It tastes sweet, rich, better than any ferment, better than the blood from a winter’s hunt still hot, and leaves a tingle over my lips and warmth curling up in my belly. Visi shifts happily just below my diaphragm; he must be able to taste it too. He takes the cup away far before I am satisfied, returning it to Synéka’s dutiful grasp, and I try to surreptitiously suck the last drops away from my teeth.

“Graciously we pray that your offering here be accepted, and that you be sustained and granted the strength for the holy duty you have taken.” Karcist Qum places his hand on my head, and his fingers curve almost all the way over to my crown. His palm is warm, and dry, and in that moment is both his and another’s, my heart stirred into sudden wakefulness at the touch.

“Be free,” he whispers to me. “All blessings, child.”

The feeling starts at the centre of my forehead, and spreads out in ripples. I shudder, but manage to keep my hands folded and shoulders straight as it runs down over my neck, shoulder blades, follows down the line of my spine. And at my shins it springs my nerves into sharpness, and I start at the sudden sensation, the extra sensitivity that allows me to feel every blade of grass pressing against the tops of my feet, the moisture in the soil, every grain and the interstices between. And that is where I enter in, the barrier between my skin and the world thinning, dissolving, and my limbs stretching into those spaces as filaments, into the water and coolth and clarity. That threshold breached, the rest of my body joins, my lungs clawing at the air for material and my ribs stretching to accommodate, my organs being degraded and reconstructing in foreign yet marvellous configurations. I feel Visi’s skin split within me, and his blood join mine, and had I jaws and larynx still I would cry out with the shock of that, he something strange and new and beautiful to my sense; even after so many years together, I never realized all his depths, the precision of his existence. We are here, we are alive, we are, we are, and the glorious agony that is being floods over us, strikes us like metal on the anvil and tempers us again and again, twist of bone and fusion of integument until we are perfect for our purpose as a sword is perfect for wielding.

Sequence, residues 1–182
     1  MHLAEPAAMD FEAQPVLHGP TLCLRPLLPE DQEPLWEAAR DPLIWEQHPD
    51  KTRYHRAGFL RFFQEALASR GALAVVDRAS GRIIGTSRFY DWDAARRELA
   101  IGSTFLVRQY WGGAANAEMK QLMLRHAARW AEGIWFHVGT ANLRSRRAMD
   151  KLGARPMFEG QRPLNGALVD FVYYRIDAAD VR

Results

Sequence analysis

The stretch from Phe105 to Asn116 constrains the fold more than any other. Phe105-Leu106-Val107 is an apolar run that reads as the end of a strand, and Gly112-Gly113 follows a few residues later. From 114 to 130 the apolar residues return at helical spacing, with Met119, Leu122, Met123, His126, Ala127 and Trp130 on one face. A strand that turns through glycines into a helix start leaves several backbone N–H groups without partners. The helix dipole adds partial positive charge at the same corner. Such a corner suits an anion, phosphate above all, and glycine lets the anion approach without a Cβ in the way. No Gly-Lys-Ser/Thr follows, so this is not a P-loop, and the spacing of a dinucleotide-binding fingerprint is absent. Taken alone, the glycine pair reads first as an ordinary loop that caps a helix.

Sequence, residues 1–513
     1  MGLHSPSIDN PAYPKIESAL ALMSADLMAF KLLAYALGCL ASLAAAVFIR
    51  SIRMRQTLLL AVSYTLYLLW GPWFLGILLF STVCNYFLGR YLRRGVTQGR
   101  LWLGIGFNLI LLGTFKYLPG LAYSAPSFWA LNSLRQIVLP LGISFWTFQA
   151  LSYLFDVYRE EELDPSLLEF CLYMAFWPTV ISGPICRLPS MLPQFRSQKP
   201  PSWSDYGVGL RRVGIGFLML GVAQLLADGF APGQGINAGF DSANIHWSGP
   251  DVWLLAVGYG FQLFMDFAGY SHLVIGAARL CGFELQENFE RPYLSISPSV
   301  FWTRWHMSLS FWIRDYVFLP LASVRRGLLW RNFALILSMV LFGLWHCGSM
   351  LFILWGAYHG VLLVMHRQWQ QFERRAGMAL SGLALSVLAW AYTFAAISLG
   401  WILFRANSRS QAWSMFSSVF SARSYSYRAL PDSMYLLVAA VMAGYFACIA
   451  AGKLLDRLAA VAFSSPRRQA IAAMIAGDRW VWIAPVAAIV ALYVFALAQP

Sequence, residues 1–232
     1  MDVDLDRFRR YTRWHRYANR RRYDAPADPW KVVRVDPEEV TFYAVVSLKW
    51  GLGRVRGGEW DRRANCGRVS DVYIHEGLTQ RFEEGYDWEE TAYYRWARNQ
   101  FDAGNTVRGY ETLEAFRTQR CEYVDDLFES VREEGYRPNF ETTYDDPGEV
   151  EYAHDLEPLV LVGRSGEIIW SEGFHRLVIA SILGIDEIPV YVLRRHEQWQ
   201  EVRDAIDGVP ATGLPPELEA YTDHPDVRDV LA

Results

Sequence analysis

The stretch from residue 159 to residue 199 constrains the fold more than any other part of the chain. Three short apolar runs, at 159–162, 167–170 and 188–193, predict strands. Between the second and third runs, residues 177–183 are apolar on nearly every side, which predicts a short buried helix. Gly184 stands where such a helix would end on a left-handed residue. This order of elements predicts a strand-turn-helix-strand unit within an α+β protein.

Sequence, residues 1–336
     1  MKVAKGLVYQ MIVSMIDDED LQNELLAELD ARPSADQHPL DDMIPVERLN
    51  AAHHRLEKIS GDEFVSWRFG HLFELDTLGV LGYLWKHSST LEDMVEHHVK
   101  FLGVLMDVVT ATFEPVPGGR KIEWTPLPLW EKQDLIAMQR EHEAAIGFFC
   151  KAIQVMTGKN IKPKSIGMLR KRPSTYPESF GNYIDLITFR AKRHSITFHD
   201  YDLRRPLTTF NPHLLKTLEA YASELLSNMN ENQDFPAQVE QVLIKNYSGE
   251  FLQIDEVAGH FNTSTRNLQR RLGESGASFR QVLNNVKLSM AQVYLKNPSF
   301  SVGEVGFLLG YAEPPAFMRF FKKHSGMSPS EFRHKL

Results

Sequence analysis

I am full, I am so, so full that I am certain I shall overflow with it, my rapture shall pour over this space behind my sealed-shut eyes - the dome of my skull, the universe entire - like the tides on the coast, like the rains that fill the rivers and feeds, in time, all the eels, the fish and caddis flies and eventually all the fields and trees, in the loop of fall and flow. And my lord’s hands are everywhere in it, and I perceive that that is true: I do stand but on the tide-washed edge of the ocean that is his sacrifice, and his being, and his truth.

Take me, I think. I give this all to you, lord, all my joy, my living sacrifice, only let me know you like this forever.

And he is there, I know he is, and he agrees, I know he does, for his presence comes nearer and enfolds me, as daughter-sister-bride; I am gloried in it, and feel all of myself stretch towards it, reaching as the green shoots of the grain towards the sun, the white threads of fungus deeper into the wood that sustains them. Surely my soul where my body now may not must weep for the depth of this love. Surely I shall feel nothing but this joy, through all the ages, for as long as I am.